Dispatches from the present
Among all of the major spectator sports in America, the National Football League season is comfortably the shortest, running for a seventeen-week period from September until either late December or early January, depending on the fluctuations of the calendar. After this comes the five-week “postseason” where (following a slightly expanded format this year) the fourteen teams who remain in contention are systematically reduced to eight, then four, then two, and then you have your champion. In a typical year, the Super Bowl is the most watched event on American television. In fact—according to Wikipedia—29 of the thirty most-watched broadcasts in American history have been Super Bowls. Every season, the weekly rhythm of games hammers along and eventually climaxes in this quasi-national holiday, then it’s all gone for another seven months. The sudden absence is always a poignant event when it happens.
The Super Bowl this year was played in Tampa Bay’s Raymond James Stadium in front of 25,000 fans and 30,000 cardboard cutouts of fans, a suitably uncanny backdrop to a season that mostly steamed ahead as normal amidst the pandemic. By the time of the finale, I had stopped having much of a stake in who won the championship, but still cared enough to register the feeling of drift after turning off the TV at the end. Obviously, there are worse things than having to go without a particular televised sport for a few months—even now, there are plenty of other options—but the mood comprised more than just that. My impression is that the compactness of the NFL season as well as the regimented nature of the game itself (and the sheer scale of its audience) work together to exacerbate a sense of melancholy that often attaches itself to the end of the more ritualistic parts of the calendar. Northrop Frye once observed that although the arrival of spring is just as natural as the arrival of winter, it isn’t anything like as rational—and I’ve been thinking about that idea lately in this context. What he meant was that the beginning of something logically implies an ending: if it starts, one day it stops. But the end of something doesn’t entail its reappearance. For this reason, even though the renewal of nature happens with perfect regularity every spring, he says, there’s always something miraculous about it in our experience. It’s as if deep down it were a vindication of faith rather than knowledge.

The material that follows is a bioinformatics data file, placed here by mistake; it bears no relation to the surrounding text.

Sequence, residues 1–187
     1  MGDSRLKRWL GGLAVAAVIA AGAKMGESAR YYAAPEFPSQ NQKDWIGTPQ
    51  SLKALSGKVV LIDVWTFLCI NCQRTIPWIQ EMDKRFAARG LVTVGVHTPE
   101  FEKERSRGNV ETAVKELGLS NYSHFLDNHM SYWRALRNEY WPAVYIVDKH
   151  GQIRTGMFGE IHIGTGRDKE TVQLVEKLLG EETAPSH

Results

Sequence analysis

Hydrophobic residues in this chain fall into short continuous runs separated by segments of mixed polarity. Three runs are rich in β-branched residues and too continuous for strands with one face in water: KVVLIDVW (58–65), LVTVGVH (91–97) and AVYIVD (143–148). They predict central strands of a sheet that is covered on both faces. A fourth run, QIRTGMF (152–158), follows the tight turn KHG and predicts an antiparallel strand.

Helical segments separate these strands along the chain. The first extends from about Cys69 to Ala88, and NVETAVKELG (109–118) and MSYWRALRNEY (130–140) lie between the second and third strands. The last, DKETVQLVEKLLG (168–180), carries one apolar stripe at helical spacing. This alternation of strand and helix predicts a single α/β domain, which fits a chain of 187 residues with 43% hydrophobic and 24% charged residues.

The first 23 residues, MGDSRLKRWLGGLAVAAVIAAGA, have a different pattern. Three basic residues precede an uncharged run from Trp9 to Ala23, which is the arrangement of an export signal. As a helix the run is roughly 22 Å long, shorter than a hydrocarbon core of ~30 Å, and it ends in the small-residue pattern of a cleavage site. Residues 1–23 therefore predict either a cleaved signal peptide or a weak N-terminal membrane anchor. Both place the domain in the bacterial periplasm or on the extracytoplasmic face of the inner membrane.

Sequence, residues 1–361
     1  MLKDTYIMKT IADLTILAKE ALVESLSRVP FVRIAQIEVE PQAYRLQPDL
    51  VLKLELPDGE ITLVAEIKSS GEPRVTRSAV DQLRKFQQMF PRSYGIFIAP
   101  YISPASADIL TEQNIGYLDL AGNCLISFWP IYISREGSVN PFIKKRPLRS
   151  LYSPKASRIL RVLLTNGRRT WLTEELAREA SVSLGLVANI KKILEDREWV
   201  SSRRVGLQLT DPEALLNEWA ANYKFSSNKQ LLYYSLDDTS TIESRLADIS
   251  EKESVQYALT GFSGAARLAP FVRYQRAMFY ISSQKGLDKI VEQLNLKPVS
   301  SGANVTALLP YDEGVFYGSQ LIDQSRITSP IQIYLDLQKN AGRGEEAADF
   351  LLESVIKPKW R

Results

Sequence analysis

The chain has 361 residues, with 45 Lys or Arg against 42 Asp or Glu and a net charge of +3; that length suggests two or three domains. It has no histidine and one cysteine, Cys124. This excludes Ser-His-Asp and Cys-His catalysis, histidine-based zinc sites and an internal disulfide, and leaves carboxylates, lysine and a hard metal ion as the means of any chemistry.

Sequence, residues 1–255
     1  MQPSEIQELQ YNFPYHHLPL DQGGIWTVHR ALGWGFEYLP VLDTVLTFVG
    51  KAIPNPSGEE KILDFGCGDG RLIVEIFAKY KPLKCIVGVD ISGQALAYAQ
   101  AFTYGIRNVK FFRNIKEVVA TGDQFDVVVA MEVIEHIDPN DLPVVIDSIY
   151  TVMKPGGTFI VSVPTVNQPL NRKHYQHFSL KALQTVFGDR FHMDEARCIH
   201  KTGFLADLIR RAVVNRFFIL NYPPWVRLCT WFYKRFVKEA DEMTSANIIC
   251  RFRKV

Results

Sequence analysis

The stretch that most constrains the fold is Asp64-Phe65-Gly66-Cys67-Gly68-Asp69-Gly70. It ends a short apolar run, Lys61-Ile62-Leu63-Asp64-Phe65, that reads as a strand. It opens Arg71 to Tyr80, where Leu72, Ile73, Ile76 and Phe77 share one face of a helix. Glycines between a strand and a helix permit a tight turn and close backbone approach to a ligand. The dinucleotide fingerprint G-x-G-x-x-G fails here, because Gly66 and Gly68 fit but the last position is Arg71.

Although Frye doesn’t spell out the implication himself, the reverse side of this thought would seem to be that our experience of winter (or of the “dead” passages of the year more figuratively) is bound up with a kind of uncertainty about whether or not it’s ever going to end. Is he right about that? What seems true to me, at least—to shrink the point back to the world of sport—is that if you’re the sort of person who has an emotional investment in seasonal games, part of the joy of the new season beginning is the apprehension that it isn’t something assured or inevitable. Not because the restart is only a form of convention, although of course that’s true, but because on a more visceral level the return feels gratuitous somehow; the delight of restoration always subtly exceeds the foreknowledge. This would make complete sense on Frye’s model. If even the cycle of nature doesn’t seem perfectly secure to us, how much less so our imitations of it? And how much easier is it—when they depart—to feel the creeping premonition of finality?
Last spring, even friends of mine who usually barely register an interest in pro sports told me that the interruption of the regular calendar was part of what brought home the severity of the crisis to them. By now, all of the major leagues are—or have been—back up and running in approximate form, playing out the usual contests but in empty arenas and half-deserted stadiums. It’s nice to have them, although it only underscores the point that we’re all still stuck in this waiting-room version of normality, where even the distractions seem strange. I’ve long had the sense that one of the more serious reasons to recommend being a sports fan is that it gives you something to rely on as you get older. Every year, no matter how sterile or pessimistic life might seem otherwise, you have a kind of regeneration to look forward to. The NFL season (or whatever) starts up and it’s both a repetition and more than that; a way of marking time, enjoying change, without making the reality of change feel unmanageable. Whereas in the pandemic nothing really comes back. It’s as though the usual cycle of the year could be performed, more or less, without ever quite escaping midwinter. All of the rituals and thresholds are subsumed under the anticipation of recovery—the vast pending reintroduction of ordinary life. This in spite of the fact that the spring waiting for us, assuming it ever shows up, is going to be like nothing else before it.
Photo credit: elisfkc2 (CC / BY Flickr)